This is a guest blog post by job hunter Sally Lawton.
Career Websites make it seem as if all you have to do is post your resume, and abracadabra, the phone will be ringing off the hook with glamorous job offers. Unfortunately, this is rarely the case. Checking the count of employers viewing my resume on Monster makes it very clear that job seekers must dust off their offline job skills in order to make the internet job search work for them.
For all of the pizazz that career websites offer, it is ultimately the tried and true methods of pounding the pavement, networking, and polishing your resume that will guarantee success. Indeed, those who maintain these skills will have the most success with all aspects of their job search, both online and off. I was reminded of this quite unexpectedly during my most recent, and successful, job search.
As any self-respecting Internet nerd would, I began my job search online. I posted my resume to several career Websites, both traditional and 2.0 types, I made sure that those searching for me on Google would find me at my professional best, and I faithfully trolled the job boards each day and applied to even the most remotely interesting positions. With the Internet at my command, it was easy to ignore offline job search techniques, but on one lazy Sunday morning, I read the newspaper classifieds, and methodically circled, with a red pen, the ads of interest. To accentuate this almost anachronistic job search, I responded to the ads with paper copies of my resume. I even went to the trouble of using a good weight resume paper, something that would never occur to me in an Internet job search. Much to my surprise, it was not my well-distributed online profile that landed me my soon-to-start position, but it was my offline Sunday classified browsing that brought me success.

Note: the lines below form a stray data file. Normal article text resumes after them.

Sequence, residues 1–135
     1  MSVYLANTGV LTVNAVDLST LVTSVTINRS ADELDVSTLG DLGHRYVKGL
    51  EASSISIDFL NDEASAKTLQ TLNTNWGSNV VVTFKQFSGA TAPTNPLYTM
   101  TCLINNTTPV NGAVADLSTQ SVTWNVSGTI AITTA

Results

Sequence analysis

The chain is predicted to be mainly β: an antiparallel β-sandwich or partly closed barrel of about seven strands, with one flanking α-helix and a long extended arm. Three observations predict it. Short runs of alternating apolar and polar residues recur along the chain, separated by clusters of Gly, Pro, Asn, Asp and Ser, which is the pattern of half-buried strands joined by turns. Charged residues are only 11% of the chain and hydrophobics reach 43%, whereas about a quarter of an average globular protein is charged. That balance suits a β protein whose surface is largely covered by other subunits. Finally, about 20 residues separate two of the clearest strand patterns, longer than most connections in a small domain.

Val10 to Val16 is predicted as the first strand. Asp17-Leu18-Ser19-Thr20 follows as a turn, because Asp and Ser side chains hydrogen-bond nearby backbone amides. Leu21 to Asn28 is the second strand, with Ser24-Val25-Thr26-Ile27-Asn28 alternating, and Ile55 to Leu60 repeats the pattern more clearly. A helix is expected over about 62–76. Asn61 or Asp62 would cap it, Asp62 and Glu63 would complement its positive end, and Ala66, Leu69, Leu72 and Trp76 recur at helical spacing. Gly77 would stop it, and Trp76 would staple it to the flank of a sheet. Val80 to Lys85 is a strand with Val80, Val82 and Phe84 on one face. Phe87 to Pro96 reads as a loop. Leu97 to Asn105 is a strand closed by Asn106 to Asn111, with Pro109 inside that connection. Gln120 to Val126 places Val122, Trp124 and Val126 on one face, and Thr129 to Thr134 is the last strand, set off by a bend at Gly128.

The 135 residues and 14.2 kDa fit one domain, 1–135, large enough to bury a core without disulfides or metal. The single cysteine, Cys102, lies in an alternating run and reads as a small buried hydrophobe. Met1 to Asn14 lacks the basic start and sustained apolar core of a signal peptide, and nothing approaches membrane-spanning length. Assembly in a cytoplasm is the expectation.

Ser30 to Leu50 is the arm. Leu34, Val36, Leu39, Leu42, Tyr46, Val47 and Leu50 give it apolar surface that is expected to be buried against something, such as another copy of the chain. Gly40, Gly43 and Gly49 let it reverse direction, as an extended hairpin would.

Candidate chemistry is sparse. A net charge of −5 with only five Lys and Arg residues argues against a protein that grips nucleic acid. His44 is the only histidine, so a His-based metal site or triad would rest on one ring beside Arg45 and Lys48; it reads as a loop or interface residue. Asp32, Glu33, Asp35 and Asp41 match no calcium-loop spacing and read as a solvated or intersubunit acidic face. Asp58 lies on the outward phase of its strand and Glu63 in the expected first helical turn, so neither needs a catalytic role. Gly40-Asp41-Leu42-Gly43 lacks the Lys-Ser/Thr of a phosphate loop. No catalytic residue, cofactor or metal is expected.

Finding my job in such a low-tech manner made it very clear to me that an Internet job search is ultimately much the same as the traditional job search. While you can cover more ground on the Web, at the heart of the internet job search are tried and true job search principals. While the Internet might help you package yourself more accessibly, a fancy online profile will not make up for a poorly written resume and a lazy job search.